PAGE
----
In an issue of “The Atlantic,” the article, “The Confidence Gap,” written by Katie Kay and Claire Shipman, emphasizes how the woeful state of confidence exists in the female gender. Here are some disturbing discoveries:
“In studies, men overestimate their abilities and performance, and women underestimate both. Their performances do not differ in quality.”
“Women applied for a promotion only when they believed they met 100% of the listed qualifications. Men would apply when they met 60%.”
“What doomed the women was not their actual ability to do well on the tests. They were as able as the men were. What held them back was the choice not to try.”
Yep, discouraging, isn’t it?
This is not about bashing men. However, it is about addressing the existence of confidence in women. Is it there? Where is it? How much exists? What is it dependent upon?
Reading the article, I couldn’t help but view my own situation, especially in the eating disorder context. I was notorious for believing in and striving for perfection. I couldn’t get on with my life unless and until I achieved this impossible standard.
“I desperately wanted my dad to notice me. I learned very quickly that one surefire way to do that was by winning awards. When I won something, I wasn’t completely worthless or useless. I was productive; I was ‘earning my keep.’ I set impossible standards for myself. Try as I might with award after award, I’d eventually disappoint everyone, including myself, proving that I wasn’t worth anything after all.
My perfect attendance record in school is an excellent example. For three years in a row, I did not missed one day of school, knowing that I would win a perfect attendance certificate, tangible proof on paper that I was worthwhile. It became a standard I had to maintain because my dad seemed pleased in my performance. Of course, he never said that he was proud of me, but he did lay off the criticisms briefly. So for the next few years, I went to school with colds, sore throats and influenza. I remember going to school once with a temperature of over 101, sitting at my desk, on the verge of throwing up, yet only thinking of that certificate.
When I reached junior high, I became so sick once I had to stay home. I felt defeated and anxious. My dad, who had never really been sick with so much as a cold, was unsympathetic to my condition. With each passing day I stayed home from school, the tension mounted. Three days at home, according to my dad, was enough. He became upset at my mom for being ‘such a terrible mother.’ After three days home, he had enough. He decided he would take me into school to make sure I got there.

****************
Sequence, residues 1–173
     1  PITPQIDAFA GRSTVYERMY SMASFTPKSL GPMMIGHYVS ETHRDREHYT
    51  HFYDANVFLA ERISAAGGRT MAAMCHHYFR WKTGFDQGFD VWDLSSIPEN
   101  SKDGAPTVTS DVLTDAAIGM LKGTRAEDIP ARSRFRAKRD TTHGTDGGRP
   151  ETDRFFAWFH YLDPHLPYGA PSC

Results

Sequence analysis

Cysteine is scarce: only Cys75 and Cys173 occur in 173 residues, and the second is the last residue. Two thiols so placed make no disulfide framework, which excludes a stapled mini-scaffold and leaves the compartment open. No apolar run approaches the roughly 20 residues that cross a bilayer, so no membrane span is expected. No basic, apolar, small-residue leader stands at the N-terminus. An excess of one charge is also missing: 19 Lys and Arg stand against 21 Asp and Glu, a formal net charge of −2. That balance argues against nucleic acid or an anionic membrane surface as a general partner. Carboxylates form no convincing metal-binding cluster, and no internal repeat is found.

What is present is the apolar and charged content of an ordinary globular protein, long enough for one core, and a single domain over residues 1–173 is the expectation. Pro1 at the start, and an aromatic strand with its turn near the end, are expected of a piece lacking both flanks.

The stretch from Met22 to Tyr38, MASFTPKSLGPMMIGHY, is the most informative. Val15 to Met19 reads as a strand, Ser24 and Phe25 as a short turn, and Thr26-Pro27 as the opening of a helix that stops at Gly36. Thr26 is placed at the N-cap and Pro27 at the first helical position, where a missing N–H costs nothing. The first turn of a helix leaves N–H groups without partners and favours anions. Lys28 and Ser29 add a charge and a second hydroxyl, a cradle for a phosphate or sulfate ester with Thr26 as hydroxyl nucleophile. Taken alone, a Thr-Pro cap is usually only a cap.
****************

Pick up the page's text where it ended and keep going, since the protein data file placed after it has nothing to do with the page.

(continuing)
On the way to school, he was fuming and I was scared to death, but my fourteen-year-old mind wanted to know something. We’d never had any father/daughter talks about anything, much less about the existence of a loving relationship, but I got up the nerve to ask him, ‘Do you still love me?’ His answer? ‘If you do this again, I won’t.’
His answer proved it. It was my fault. I had to prove myself in order to be loved. I wasn’t the cute, good little daughter he should have had. If I could just look right and act right, he’d love me. All I have to do, I decided, is be perfect. That’s all.”
Through the eating disorder filter, that perfection, indeed, took the shape of emaciation, constant dieting, punishing exercise and overwhelming self-loathing.
It has only been within the last ten years I’ve come to see it’s not about perfection, but excellence in life. We can do well; we can do excellently. And that reality is not predicated upon perfection.
What is stopping us, right now, as women, from pursuing our dreams, desires and goals? Are we paralyzed by fear of not being perfect? Do we have confidence in ourselves- and in our God, even, in spite of our human imperfection?
After all, what about this scripture?
“For with God nothing shall be impossible.”
Let that, be we male or female, be our confidence!
Copyright © 2015 by Sheryle Cruse